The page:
Professor Melissa Breger presented her research “Healing the
Wounds of Children Sexually Trafficked Internationally by Examining Strategies
for Family Violence Prevention Domestically” at the International Society of
Family Law (ISFL) Conference held at Brooklyn Law School from June 6 through 9,
She was part of a panel exploring “Strategies for Reducing
Family Violence and Aiding Violence Victims.” The panel, moderated by Paul Vlaardingerbroek,
University of Tilburg Faculty of Law, occurred on June 7 and included scholars
from the United States, Canada and Slovenia.
“The sexual trafficking of children, including from
developing countries to the United States, is an epidemic,” said Professor
Breger, who began researching the issue in 2009. “As I recognized the depths of
the problem, I started to re-shift my focus to think about the epidemic in a useful
way: how do we rehabilitate the children once they are rescued?”
Professor Breger, who was director of the Albany Law School
Family Violence Litigation Clinic for eight years, notes that many of these
children cannot return to their home countries once they are freed, and that
they exhibit some of the same characteristics, including Post Traumatic Stress
Disorder, of children exposed to trauma from combat in war-torn countries or
children exposed to child sexual abuse or domestic violence in the home.
Differences exist for sexually trafficked children, however,
that require special attention. For example, Professor Breger noted, victims of
family abuse tend to respond well to group therapy, while victims of sexual
trafficking generally do not.
“We can’t just put these children into the traditional
foster care system or treat them as incorrigible youth,” said Professor Breger.
“But there are systems in place that can help trafficked children. These
current resources can serve as a stopgap measure while we develop a better
Professor Breger plans to work with students over the summer
and into the fall to produce scholarship based on her research, ultimately
disseminating it to academics, policy makers and advocates.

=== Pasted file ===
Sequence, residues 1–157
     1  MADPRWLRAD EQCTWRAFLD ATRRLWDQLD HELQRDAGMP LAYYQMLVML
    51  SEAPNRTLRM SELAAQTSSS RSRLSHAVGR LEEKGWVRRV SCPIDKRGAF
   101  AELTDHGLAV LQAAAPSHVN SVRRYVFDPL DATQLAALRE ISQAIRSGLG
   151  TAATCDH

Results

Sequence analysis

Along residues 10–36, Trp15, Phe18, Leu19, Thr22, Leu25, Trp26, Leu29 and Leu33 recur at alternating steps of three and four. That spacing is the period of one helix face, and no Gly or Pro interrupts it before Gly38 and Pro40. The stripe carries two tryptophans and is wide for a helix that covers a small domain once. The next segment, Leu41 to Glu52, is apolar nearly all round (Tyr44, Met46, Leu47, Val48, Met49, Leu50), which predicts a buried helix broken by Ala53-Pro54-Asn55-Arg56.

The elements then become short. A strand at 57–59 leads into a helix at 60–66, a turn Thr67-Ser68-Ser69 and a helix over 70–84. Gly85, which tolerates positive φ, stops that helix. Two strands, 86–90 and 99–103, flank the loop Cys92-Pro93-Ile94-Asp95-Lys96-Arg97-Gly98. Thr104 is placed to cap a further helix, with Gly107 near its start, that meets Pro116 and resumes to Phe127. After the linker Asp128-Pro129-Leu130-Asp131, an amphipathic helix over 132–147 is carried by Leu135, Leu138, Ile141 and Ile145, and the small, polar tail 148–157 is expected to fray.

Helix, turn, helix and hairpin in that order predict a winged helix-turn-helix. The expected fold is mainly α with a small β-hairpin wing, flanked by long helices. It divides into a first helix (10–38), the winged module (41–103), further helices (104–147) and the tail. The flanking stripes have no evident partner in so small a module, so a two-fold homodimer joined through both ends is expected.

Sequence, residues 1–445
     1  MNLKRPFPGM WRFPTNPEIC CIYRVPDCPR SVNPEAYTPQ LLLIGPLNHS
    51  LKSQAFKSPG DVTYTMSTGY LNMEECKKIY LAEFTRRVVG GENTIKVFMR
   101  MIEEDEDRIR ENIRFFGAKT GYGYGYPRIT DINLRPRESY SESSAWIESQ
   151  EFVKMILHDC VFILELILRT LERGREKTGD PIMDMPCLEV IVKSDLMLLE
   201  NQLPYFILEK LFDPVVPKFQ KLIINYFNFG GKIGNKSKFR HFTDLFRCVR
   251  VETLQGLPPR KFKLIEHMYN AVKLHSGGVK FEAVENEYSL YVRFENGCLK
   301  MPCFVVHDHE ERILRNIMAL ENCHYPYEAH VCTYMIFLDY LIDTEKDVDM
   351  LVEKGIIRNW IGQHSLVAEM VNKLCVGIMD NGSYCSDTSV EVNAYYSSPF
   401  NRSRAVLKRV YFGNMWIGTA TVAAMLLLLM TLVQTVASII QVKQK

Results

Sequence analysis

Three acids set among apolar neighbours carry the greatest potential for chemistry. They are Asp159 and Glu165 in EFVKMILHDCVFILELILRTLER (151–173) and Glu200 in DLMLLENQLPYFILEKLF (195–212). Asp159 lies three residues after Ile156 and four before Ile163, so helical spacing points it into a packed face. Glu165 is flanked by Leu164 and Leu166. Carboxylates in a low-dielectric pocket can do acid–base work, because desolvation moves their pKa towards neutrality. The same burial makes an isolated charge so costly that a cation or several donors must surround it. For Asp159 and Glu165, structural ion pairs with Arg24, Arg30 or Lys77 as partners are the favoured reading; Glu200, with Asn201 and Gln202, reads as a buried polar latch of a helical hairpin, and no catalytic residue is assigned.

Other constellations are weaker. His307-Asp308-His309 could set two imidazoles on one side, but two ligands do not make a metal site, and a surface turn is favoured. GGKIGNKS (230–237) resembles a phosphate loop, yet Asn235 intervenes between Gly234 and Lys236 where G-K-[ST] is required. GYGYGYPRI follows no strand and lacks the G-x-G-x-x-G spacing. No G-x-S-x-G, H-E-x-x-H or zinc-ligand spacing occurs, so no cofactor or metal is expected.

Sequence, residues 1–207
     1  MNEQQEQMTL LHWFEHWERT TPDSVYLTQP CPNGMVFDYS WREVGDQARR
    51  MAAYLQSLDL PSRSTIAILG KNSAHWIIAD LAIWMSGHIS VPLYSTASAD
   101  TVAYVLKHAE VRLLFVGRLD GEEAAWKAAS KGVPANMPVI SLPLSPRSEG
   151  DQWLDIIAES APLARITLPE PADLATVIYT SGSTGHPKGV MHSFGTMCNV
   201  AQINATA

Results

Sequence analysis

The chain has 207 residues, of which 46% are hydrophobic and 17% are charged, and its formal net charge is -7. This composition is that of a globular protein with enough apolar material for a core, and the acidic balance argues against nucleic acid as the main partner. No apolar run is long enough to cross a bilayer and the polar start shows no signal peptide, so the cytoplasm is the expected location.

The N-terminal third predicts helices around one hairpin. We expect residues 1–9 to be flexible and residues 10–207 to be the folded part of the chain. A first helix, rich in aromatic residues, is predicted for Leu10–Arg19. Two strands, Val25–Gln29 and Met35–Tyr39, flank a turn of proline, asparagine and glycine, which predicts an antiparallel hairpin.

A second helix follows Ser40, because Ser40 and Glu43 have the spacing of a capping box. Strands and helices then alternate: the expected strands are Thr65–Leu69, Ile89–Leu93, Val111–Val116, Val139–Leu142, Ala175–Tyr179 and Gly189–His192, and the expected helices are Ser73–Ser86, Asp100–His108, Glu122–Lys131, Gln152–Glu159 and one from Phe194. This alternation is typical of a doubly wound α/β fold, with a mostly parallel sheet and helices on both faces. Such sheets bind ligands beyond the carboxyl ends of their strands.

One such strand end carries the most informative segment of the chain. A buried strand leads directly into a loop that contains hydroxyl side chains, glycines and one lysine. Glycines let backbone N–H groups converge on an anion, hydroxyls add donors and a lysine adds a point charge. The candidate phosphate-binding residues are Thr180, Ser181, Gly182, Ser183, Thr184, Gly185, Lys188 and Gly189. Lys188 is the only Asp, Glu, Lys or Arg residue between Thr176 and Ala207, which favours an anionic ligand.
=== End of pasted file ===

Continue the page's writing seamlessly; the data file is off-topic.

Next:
Professor Breger has been teaching at the law school level
for 14 years, first at The University of Michigan Law School and then at Albany
Law School since 2002. Prior to teaching, Professor Breger dedicated her career
to children, women and families, with her formative years practicing in New
York City in a number of capacities.
She is the recipient of several teaching and service awards,
both on a local level and on a national level, including the Shanara C. Gilbert
Award in Recognition of Her Excellence in Teaching and Contributions to the
Advancement of Social Justice from the American Association of Law Schools and
the L. Hart Wright Excellence in Law Teaching Award from The University of
Michigan Law School. Professor Breger also received the
Albany County Family Court Children’s Center Award “In Recognition Of Her
Outstanding And Tireless Work Assisting Children And Families In Need And For
Her Dedication To Ensure That Law Students Obtain The Skills Necessary To
Provide High Quality And Compassionate Legal Services To Family Court
Litigants” in May 2008.
Professor Breger’s current courses at Albany Law
School include Evidence, Family Law, Criminal Procedure: Investigation (4th,
5th, 6th A), Gender & the Law, and Children & the Law. She is the co-author of NEW YORK LAW OF
DOMESTIC VIOLENCE, a two-volume treatise published by Reuters-Thomson-West, as
well as the author of multiple law review articles regarding issues of family
law, gender, and justice. Her scholarly interests include the rights of
children and families, gender and racial equality, procedural justice in the
courtroom, juvenile justice, the increasing epidemic of child sexual trafficking,
law and culture, and the intersections between psychology and the law.